We have divided the book into three sections, the first of which addresses relationships rooted in the family of origin. This section begins with a chapter on the mother-daughter relationship, which, although it is a parental relationship, is relatively understudied in its adult form (i.e., when the daughters are adults, as opposed to children). The second chapter focuses on the adult sibling relationship, which is understudied in general and is particularly so among young and middle adult siblings. The final chapter in the first section addresses the meaning of “sonhood,” or the relationship men have with their parents.

    Whereas the chapters in the first section address relationships that are more often studied in other forms (e.g., parent-child relationships with young children), those in the second section address relationships that are beyond the nuclear family configuration. Addressed in this section are the grandparent-grandchild relationship, the relationship of aunts with their nieces and nephews, the parent-in-law/child-in-law relationship, and the relationship of siblings-in-law. These topics represent a mixture of vertical and horizontal ties and a blend of genetic and legally bound relationships. The final section focuses on relationships that are formed through the processes of divorce, remarriage, and adoption. Considered first in this section are the relationships of parents with their adopted children. Next discussed are post-divorce relationships. Finally, stepfamily relationships (which include parent-stepchild as well as other step-relationships) are addressed.

    Concluding each of these sections is a commentary by one of three distinguished family communication scholars: Anita Vangelisti, Fran Dickson, and Beth Le Poire. Each commentary reflects on the themes and information addressed in the chapters in that section and identifies important areas of inquiry for future research. Similarly, this volume concludes with a summary and extension provided by family communication scholars Lynn Turner and Richard West, who use the research explicated herein as a starting point to describe what the field of family communication knows—and what it has yet to learn—about communication in family relationships.

    To be certain, not all lesser-studied family relationships are addressed in the chapters herein. One evident challenge in offering a collection such as this is that because the focus is on a wide variety of family relationships, many relationships that were potential topics simply had received too little academic attention to facilitate their inclusion in this book. Despite this limitation, we believe there is much to be learned about the family—and about family communication—by broadening our perspective to include relationships outside of those traditionally studied by family scholars. We hope this collection will illuminate the dynamics of family relationships and will provoke scholars toward their continued exploration.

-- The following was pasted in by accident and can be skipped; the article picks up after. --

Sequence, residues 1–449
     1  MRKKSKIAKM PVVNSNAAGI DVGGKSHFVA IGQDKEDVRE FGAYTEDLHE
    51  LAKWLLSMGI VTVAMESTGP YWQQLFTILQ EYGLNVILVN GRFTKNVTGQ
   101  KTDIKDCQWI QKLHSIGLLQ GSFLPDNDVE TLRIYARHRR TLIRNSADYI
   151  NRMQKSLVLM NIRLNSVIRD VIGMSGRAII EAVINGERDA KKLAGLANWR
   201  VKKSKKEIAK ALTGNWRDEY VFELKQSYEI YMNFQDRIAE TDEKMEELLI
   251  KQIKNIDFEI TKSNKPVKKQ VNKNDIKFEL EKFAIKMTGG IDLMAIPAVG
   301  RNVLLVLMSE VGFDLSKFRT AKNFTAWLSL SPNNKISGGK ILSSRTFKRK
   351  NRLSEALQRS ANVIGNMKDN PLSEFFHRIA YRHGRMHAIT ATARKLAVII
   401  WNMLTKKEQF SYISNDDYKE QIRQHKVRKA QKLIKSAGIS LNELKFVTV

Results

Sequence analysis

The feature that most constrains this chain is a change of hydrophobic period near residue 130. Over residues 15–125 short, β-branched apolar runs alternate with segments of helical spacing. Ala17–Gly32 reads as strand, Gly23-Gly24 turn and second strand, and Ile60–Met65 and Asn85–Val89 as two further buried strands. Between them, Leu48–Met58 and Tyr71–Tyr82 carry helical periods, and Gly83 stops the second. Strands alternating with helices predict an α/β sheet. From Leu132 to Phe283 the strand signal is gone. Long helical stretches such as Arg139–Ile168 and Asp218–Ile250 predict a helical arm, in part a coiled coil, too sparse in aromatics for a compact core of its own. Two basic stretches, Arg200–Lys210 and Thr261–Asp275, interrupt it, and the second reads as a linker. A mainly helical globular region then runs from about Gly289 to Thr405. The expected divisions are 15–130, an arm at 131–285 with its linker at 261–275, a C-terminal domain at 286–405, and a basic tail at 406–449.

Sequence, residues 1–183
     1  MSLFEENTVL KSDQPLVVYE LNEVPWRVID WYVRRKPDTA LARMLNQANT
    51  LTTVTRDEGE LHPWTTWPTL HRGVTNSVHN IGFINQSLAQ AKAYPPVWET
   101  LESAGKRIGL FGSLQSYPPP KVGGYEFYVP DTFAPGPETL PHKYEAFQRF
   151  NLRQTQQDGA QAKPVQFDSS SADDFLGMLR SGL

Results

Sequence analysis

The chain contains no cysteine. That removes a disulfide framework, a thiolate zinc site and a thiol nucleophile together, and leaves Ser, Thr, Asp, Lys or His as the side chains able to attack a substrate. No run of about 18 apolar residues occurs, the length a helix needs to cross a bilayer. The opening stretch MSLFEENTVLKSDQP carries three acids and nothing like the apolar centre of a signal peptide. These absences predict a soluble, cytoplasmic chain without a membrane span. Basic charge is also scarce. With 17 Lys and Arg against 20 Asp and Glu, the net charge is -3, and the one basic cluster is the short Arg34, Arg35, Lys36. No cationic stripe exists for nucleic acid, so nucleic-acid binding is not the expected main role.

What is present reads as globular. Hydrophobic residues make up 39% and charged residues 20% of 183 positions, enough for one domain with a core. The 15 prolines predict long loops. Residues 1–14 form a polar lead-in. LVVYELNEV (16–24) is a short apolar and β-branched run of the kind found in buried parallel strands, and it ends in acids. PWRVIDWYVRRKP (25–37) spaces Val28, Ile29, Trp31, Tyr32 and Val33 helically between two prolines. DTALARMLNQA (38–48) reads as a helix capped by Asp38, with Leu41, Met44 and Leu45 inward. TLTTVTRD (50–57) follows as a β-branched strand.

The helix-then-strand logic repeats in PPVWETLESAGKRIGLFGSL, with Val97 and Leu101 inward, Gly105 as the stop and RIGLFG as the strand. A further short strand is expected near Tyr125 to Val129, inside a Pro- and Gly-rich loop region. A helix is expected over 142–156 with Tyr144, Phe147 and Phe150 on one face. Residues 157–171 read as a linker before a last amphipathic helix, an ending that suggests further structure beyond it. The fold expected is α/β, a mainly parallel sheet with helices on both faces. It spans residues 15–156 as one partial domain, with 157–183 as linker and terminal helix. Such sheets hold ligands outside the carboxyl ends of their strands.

Notes

    1. The percentages sum to greater than 100 because some studies focused on more than one type of relationship.

    2. Percentages for siblings, parents-in-law, and grandparents are averaged between the two sexes. For example, Fingerman and Hay asked separately about grandmothers (48%) and grandfathers (52%); we averaged these to report a 50% figure for grandparents.

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    About the Editors

    Kory Floyd is Associate Professor of Human Communication, Director of the Communication Sciences Laboratory, and Director of the graduate M.A. program in Human Communication at Arizona State University. He holds a Ph.D. from the University of Arizona, an M.A. from the University of Washington, and a B.A. from Western Washington University. His research focuses on the communication of affection in families and other intimate relationships and on the interplay between communication, physiology, and health. He has written or edited five books and more than 60 journal articles and book chapters, is currently chair of the family communication division of the National Communication Association, and is currently editor of Journal of Family Communication.